However, in some cases, the police can lawfully remove innocent bystanders to prevent a breach of the peace, as long as the action taken was necessary and proportionate.
In 2009, activist Christina Chan filed a judicial review against the police chief after she and other demonstrators were removed from the scene of an Olympic torch relay in Hong Kong the year before.
Judicial reviews are considered by the Court of First Instance and examine the decision-making processes of administrative bodies. Issues under review must be shown to affect the wider public interest.
Chan and her group protested at the torch relay and held up a Tibetan flag. Chan’s group was met with counter-protesters before they were removed by officers and had to spend an hour at the police station.
While Chan argued that the police chief’s decision prevented her from exercising her constitutional right to hold a peaceful protest, the court ruled that police action was justified.
Police “had no option but to take action” against Chan and her group, the court ruled, as officers were outnumbered by counter-demonstrators.
“When there is no other way available to the police to maintain the peace, and if the action of the police is no more than is necessary and is otherwise proportionate, the police can take action against innocent third parties in order to prevent the imminent breach of the peace,” the judgement read.
‘Very shaky legal grounds’
According to independent legal researcher Edward Wong, police must have “reasonable grounds” to believe that the risk of breach of the peace is imminent rather than a remote possibility. Individuals stopped or arrested by police have the right to ask officers to explain the grounds for their actions, Wong added.
The researcher also said that the police operation last Sunday was “based on very shaky legal grounds.”
In the letter to the HKJA, which condemned a statement from the journalist group urging the police to explain why Mak was detained, the police said officers were conducting stop and search crime-prevention work in a “high risk area,” where crimes such as disrupting order in a public place and committing acts with seditious intent had recently occurred.
“There are two main sources of police powers in terms of depriving a citizen of his or her liberty, for however short a time,” Wong told HKFP.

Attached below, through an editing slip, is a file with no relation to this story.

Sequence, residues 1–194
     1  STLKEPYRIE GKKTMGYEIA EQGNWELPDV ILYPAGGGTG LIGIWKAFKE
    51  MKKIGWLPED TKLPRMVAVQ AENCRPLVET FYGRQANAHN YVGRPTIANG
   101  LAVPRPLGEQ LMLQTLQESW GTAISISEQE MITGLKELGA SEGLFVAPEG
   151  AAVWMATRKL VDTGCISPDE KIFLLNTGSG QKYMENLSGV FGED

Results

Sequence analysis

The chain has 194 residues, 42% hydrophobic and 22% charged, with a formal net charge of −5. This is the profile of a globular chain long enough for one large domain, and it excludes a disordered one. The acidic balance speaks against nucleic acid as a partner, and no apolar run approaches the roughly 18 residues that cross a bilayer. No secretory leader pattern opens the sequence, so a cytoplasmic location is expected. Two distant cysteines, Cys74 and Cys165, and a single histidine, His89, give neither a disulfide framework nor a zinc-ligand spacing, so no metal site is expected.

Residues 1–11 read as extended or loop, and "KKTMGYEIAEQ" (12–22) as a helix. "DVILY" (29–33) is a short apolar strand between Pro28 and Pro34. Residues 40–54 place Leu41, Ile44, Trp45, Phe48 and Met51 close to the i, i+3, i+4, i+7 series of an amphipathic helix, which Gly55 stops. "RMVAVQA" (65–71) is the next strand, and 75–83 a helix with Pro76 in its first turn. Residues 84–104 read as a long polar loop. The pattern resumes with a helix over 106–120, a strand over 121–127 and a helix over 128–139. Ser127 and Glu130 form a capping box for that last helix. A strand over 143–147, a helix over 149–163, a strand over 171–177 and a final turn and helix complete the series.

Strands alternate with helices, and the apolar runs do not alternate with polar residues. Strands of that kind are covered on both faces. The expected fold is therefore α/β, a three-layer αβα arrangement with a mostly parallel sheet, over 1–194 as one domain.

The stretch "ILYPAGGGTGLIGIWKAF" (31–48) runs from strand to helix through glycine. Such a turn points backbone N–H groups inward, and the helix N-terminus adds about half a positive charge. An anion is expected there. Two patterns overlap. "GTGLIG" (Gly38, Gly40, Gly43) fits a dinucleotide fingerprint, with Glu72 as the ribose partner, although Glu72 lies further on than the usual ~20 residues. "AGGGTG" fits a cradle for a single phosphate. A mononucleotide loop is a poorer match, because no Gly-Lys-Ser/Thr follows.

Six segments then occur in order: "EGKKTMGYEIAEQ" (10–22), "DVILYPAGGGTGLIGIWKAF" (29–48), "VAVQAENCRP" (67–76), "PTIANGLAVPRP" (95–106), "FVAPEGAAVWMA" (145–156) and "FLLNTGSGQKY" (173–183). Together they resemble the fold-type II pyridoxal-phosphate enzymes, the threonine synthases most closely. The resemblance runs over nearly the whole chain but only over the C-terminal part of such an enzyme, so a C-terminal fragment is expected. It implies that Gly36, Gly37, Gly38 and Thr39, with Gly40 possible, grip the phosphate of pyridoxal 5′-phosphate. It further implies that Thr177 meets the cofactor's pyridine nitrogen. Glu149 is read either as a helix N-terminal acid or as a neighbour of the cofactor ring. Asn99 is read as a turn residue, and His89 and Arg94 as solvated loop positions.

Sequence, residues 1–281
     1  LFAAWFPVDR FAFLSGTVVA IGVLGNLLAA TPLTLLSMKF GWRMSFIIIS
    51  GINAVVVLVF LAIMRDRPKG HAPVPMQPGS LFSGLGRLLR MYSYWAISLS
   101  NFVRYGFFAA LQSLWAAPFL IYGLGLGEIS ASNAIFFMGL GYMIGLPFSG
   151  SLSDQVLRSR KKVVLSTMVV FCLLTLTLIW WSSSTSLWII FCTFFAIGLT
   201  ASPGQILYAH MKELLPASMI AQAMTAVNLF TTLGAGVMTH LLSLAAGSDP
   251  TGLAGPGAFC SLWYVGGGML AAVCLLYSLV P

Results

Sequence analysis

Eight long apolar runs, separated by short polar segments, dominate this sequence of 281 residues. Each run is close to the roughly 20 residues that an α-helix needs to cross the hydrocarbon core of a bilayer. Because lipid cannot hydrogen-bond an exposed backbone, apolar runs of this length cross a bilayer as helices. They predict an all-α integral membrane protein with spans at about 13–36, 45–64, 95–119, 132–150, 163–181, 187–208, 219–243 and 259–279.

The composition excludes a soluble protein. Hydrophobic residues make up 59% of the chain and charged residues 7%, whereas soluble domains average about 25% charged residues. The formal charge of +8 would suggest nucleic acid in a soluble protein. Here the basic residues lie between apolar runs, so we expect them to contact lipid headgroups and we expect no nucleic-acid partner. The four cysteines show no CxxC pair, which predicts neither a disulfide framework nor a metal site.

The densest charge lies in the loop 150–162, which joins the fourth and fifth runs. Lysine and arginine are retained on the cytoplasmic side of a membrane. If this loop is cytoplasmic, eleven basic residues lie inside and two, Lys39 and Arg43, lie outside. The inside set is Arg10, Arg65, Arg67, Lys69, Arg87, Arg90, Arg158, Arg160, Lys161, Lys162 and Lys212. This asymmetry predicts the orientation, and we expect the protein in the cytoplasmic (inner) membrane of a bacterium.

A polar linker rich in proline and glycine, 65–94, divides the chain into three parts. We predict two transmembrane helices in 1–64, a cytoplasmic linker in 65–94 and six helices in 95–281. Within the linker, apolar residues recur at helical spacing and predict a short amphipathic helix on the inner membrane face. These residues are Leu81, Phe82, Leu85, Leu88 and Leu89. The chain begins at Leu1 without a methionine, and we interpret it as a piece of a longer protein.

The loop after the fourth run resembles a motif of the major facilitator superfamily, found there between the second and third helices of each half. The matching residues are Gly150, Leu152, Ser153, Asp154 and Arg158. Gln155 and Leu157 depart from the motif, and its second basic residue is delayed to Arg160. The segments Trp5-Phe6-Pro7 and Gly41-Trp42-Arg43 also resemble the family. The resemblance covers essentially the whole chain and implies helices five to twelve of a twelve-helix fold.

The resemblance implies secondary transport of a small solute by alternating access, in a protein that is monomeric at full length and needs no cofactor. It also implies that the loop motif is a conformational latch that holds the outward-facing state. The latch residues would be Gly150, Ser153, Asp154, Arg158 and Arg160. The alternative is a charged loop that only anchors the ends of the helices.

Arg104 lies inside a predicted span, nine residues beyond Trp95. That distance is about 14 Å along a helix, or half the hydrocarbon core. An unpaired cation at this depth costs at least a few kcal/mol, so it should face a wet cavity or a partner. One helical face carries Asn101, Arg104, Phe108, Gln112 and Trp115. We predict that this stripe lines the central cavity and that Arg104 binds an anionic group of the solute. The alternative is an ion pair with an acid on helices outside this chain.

“One is the common law power to take measures to prevent, or stop, a breach of the peace… and the other is the Police Force Ordinance which authorises police actions in respect of identifiable criminal offences,” he continued.
“There must be some objective factual grounding for the suspicion, and the suspicion must specifically relate to the person [on] whom police powers are exercised. It is, generally speaking, not for the police to say a certain area is at a high risk of offending and therefore perform random stops and searches within the area.”
Section 54 of the Police Force Ordinance stipulates that officers have the “power to stop, detain, and search” anyone acting suspiciously. However, the Ordinance does not specify whether detaining a person includes moving that person to the police station.
Sometimes officers could say that the scene was not suitable for conducting a stop and search, for example when there was no officer of the same sex as the individual stopped, said Wong.
“However, [the individual] would not be brought back to the police station, because [the Ordinance] was referring to a short-term detention,” he said. “If the individual was brought to the police station and detained for a longer period of time, it would not be a proportionate means.”
Not an uncommon approach
However, the tactic used by the city’s police last Sunday was not uncommon.
The same tactic – removing individuals to police stations and later releasing them without charge – is also frequently used in the UK, Wong said.
“It happened during the coronation [of King Charles III], protesters were removed but there were no charges,” he said.
“However, the police operation will not become legal simply because no charges were pressed [against the individuals] in the end.”
Executive Councillor and Senior Counsel Ronny Tong said there was a difference between a formal arrest and inviting a person back to the police station.
“Legally if [the police] want to arrest a person, they need a reasonable suspicion,” Tong said.
“The question is whether the police were arresting that person at the time. If they were inviting [the individual] to provide information at the police station, and the person being taken away agreed to it, then it would not be problematic.”
Tong said he could not critique the events of last Sunday as he did not know the particulars of each situation, but added that there were many ways for individuals to complain about dissatisfactory police work.